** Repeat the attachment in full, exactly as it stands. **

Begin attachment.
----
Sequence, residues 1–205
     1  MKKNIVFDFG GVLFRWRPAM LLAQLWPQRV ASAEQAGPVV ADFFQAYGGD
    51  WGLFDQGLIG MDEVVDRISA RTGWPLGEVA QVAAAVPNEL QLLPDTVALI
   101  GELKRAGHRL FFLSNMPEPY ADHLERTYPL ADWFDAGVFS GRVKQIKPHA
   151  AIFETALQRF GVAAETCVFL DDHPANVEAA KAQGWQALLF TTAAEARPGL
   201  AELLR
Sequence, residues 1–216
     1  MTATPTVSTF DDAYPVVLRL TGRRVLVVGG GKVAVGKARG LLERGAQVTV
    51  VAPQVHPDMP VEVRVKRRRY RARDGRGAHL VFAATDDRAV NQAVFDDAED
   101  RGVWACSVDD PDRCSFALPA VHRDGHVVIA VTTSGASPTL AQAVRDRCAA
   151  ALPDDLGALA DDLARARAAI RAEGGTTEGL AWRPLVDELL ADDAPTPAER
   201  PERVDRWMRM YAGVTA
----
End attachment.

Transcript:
Sequence, residues 1–205
     1  MKKNIVFDFG GVLFRWRPAM LLAQLWPQRV ASAEQAGPVV ADFFQAYGGD
    51  WGLFDQGLIG MDEVVDRISA RTGWPLGEVA QVAAAVPNEL QLLPDTVALI
   101  GELKRAGHRL FFLSNMPEPY ADHLERTYPL ADWFDAGVFS GRVKQIKPHA
   151  AIFETALQRF GVAAETCVFL DDHPANVEAA KAQGWQALLF TTAAEARPGL
   201  AELLR
Sequence, residues 1–216
     1  MTATPTVSTF DDAYPVVLRL TGRRVLVVGG GKVAVGKARG LLERGAQVTV
    51  VAPQVHPDMP VEVRVKRRRY RARDGRGAHL VFAATDDRAV NQAVFDDAED
   101  RGVWACSVDD PDRCSFALPA VHRDGHVVIA VTTSGASPTL AQAVRDRCAA
   151  ALPDDLGALA DDLARARAAI RAEGGTTEGL AWRPLVDELL ADDAPTPAER
   201  PERVDRWMRM YAGVTA